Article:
IRANIAN WOMEN DEPRIVED OF THEIR BASIC HUMAN RIGHTS UNDER FUNDAMENTALIST REGIME IN IRAN

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Laila Jazayeri

Director, Association of Anglo-Iranian Women in the UK

During the past 38 years, Iranian women have been suppressed and denied of their most fundamental rights systematically. The theocratic regime ruling Iran views women as second class citizens and treats them as half of men.

Just like the Nazis who based their ideology on racial supremacy, the pillar of the Islamic fundamentalist ideology is based on misogyny and discrimination against women.

Women face gender barriers, restrictions, systematic discrimination and marginalization in every field of life. The misogyny and discrimination against women are institutionalized into law.

Women are doomed to follow the decisions and permissions of men. In the relationship between husband and wife, the man leads the family with absolute power. According to the unelected “Council of Guardians of the Constitution” a woman does not even have the right to leave her home without her husband’s permission, not even to attend her father’s funeral. (1)

If a woman refuses to have sex with her husband, she can be sentenced by the court and the husband can punish his wives for “such violation”. A man can divorce his wife whenever he wishes to. (2)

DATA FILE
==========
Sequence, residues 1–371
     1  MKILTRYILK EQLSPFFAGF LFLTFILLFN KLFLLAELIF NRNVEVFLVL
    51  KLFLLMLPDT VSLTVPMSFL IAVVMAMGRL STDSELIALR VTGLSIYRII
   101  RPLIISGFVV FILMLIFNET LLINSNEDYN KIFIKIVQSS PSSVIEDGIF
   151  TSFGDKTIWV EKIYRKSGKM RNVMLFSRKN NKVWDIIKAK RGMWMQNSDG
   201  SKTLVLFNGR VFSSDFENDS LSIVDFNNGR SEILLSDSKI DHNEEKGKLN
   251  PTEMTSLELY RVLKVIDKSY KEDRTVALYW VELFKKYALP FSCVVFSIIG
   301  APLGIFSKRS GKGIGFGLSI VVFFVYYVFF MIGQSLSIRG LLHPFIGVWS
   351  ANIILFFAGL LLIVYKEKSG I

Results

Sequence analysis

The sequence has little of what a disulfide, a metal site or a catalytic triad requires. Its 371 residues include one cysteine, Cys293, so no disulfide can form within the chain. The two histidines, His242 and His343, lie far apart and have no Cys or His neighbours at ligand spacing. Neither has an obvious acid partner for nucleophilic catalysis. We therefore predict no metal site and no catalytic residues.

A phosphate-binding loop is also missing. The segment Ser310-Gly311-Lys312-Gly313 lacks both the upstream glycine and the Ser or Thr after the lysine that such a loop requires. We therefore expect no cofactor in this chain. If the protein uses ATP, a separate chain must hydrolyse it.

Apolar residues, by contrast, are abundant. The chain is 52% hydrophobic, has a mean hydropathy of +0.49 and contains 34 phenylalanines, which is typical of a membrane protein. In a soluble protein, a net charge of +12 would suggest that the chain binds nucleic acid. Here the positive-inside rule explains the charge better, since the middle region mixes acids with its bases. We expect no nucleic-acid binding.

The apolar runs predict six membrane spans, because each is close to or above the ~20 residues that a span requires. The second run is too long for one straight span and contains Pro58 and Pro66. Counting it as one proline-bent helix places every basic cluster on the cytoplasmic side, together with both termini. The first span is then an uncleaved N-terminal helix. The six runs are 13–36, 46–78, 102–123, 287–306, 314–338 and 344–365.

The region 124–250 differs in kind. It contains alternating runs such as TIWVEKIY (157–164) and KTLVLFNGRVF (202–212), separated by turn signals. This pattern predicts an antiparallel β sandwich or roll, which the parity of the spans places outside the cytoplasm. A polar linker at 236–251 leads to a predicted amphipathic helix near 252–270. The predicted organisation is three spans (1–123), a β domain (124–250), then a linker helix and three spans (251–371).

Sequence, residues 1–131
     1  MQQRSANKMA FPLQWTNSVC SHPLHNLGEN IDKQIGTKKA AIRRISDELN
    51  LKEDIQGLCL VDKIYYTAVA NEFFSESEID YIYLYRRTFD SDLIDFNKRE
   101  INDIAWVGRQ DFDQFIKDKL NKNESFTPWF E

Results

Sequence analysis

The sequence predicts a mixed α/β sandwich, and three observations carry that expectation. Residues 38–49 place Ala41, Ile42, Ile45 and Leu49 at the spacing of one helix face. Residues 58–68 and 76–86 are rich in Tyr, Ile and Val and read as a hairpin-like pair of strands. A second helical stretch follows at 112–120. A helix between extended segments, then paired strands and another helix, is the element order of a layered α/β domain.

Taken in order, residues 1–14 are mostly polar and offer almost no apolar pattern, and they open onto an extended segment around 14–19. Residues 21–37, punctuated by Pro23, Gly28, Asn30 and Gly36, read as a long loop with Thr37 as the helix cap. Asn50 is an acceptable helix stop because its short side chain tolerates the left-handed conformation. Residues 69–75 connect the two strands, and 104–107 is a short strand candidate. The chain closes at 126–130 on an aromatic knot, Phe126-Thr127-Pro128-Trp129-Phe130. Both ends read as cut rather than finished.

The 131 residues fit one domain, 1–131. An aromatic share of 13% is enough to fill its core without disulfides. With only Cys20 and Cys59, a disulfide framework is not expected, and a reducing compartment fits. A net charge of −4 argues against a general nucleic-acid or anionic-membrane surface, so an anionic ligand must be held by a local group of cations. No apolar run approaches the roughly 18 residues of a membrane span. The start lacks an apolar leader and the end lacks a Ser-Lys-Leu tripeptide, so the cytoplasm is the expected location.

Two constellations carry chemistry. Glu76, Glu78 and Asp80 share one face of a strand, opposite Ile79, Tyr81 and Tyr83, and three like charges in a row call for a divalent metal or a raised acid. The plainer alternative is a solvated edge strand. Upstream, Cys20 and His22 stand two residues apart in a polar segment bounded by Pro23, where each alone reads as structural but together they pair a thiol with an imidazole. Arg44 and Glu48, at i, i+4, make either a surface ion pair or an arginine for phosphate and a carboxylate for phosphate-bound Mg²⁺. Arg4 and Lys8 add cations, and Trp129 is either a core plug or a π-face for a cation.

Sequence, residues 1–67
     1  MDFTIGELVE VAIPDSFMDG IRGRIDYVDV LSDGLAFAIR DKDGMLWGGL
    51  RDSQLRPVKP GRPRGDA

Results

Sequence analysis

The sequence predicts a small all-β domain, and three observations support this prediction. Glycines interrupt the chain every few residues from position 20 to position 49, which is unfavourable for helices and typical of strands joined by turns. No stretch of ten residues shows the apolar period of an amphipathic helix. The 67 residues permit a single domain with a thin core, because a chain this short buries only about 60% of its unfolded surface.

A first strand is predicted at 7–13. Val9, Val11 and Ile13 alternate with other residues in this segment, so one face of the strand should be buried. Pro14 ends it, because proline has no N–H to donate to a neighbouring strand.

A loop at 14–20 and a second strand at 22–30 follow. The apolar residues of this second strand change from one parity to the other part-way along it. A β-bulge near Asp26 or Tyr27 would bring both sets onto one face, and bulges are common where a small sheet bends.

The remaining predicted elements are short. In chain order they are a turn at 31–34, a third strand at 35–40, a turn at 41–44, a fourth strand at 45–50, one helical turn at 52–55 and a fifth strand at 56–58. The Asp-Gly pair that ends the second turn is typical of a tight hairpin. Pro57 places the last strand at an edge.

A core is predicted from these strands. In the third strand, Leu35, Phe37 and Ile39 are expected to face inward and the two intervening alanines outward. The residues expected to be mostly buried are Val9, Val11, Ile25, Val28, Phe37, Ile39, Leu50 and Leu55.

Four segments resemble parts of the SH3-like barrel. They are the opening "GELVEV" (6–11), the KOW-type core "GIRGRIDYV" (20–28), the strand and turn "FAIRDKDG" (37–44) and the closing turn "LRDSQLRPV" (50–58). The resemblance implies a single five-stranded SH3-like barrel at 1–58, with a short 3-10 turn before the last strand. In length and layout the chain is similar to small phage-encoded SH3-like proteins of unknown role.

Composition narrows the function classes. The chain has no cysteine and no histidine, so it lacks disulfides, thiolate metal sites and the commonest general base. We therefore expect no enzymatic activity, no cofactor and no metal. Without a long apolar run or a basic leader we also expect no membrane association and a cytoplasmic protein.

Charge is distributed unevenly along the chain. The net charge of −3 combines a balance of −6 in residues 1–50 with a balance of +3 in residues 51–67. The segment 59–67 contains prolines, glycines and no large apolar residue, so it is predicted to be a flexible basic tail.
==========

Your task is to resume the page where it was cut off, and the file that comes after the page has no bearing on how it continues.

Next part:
Just a few months after Iranian revolution in 1979, Ayatollah Khomeini decreed compulsory hijab in all governmental offices. Later in 1983, the Islamic Consultative Assembly (parliament) legislated a repressive law that imposed penalties for women who did not observe compulsory dress code. The regime has a “Morality Police” to enforce this repressive law. In April this year, a young woman was run over by the vehicle of the morality police for improper veiling. A video clip is available on this: http://www.ncr-iran.org/en/news/women/22729-video-young-woman-ran-over-by-iran-police-for-improper-veiling

Mal-veiling is considered a crime. Violating the religious law in this regard carries a sentence of imprisonment up to two months, or being flogged by 74 lashes. (3) The regime’s new method of sowing fear in the hearts of the country’s female population for allegedly having violated the mandatory veiling code is through acid attacks. On the surface the regime’s officials deny involvement in the attacks. In reality, they protect individuals who arbitrarily decide to enforce mandatory veiling regulations in their own violent manner.

A woman’s testimony in court equals to half of a man. Deliberate murder is proven by the testimonies of two men while women’s testimony is not accounted for at all. Unintentional murder is proven by testimonies of two men or one man and two women. (4) Even the price of blood that a murderer must pay in compensation for the murder of a woman is half that of a man.